Fairchild Republic OA-10A Thunderbolt II (81-0954 / SP) from the United States Air Force
at the Czech International Air Fest 2005, Brno-Tuřany (Czech Republic)
The Fairchild Republic A-10 Thunderbolt II is an American twin-engine, straight-wing jet aircraft developed by Fairchild-Republic in the early 1970s.
It is the only United States Air Force production aircraft designed solely for close air support, including attacking tanks, armored vehicles, and other ground targets with limited air defenses. The A-10 was designed around the 30 mm GAU-8 Avenger rotary cannon that is its primary armament and the heaviest automatic cannon mounted on an aircraft. The A-10's airframe was designed for durability, with measures such as 1200 pounds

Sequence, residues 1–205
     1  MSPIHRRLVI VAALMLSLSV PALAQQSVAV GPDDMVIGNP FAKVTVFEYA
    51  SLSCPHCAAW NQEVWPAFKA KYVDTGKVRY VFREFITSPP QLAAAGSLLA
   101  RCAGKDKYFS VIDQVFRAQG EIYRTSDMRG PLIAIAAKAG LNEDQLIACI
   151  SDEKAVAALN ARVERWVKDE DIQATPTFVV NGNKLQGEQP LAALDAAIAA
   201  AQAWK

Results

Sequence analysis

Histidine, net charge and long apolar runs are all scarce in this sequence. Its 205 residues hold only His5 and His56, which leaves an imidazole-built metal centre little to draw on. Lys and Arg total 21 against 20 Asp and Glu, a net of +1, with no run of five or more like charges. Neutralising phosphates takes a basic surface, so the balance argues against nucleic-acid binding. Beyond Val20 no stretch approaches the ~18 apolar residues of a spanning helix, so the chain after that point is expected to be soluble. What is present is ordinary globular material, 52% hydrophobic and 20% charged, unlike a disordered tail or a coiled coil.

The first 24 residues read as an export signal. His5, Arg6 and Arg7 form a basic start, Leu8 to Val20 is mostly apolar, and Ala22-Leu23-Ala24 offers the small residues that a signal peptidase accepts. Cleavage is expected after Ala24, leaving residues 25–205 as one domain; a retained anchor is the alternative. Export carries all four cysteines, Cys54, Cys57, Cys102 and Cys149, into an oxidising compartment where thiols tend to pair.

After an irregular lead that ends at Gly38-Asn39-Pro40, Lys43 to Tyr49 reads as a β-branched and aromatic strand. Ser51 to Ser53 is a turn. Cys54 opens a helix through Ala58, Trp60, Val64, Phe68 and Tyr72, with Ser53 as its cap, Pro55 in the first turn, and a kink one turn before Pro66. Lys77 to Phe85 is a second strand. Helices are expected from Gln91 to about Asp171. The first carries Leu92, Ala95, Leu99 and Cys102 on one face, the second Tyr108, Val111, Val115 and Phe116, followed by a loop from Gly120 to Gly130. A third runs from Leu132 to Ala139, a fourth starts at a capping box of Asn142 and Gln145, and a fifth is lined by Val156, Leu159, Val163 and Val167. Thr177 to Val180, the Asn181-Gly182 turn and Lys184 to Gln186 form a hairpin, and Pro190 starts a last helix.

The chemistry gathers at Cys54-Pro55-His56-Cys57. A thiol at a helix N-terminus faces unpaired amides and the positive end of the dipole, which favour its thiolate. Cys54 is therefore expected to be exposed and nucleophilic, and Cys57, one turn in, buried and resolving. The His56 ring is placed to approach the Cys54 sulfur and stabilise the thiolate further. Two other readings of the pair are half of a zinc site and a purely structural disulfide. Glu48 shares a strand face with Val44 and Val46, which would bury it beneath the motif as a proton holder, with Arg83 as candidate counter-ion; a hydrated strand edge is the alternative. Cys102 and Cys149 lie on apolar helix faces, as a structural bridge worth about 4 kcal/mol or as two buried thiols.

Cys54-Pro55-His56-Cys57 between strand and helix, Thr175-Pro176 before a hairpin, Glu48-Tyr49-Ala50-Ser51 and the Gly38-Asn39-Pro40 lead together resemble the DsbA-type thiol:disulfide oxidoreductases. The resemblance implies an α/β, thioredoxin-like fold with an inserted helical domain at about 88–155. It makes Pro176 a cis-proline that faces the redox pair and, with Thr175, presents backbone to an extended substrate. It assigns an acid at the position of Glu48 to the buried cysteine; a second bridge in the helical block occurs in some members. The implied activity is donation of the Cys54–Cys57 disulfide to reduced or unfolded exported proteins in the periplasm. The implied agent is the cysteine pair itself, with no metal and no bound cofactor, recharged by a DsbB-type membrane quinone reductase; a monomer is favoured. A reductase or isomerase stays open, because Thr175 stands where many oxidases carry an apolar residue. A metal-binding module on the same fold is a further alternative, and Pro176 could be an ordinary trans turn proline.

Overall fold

(540 kg) of titanium armor to protect the cockpit and aircraft systems, enabling it to absorb a significant amount of damage and continue flying.
The A-10A single-seat variant was the only version built, though one A-10A was converted to an A-10B twin-seat version. The A-10's official name comes from the Republic P-47 Thunderbolt of World War II, a fighter that was particularly effective at close air support. The A-10 is more commonly known by its nicknames "Warthog" or "Hog". Its secondary mission is to provide airborne forward air control, directing other aircraft in attacks on ground targets. Aircraft used primarily in this role are designated OA-10.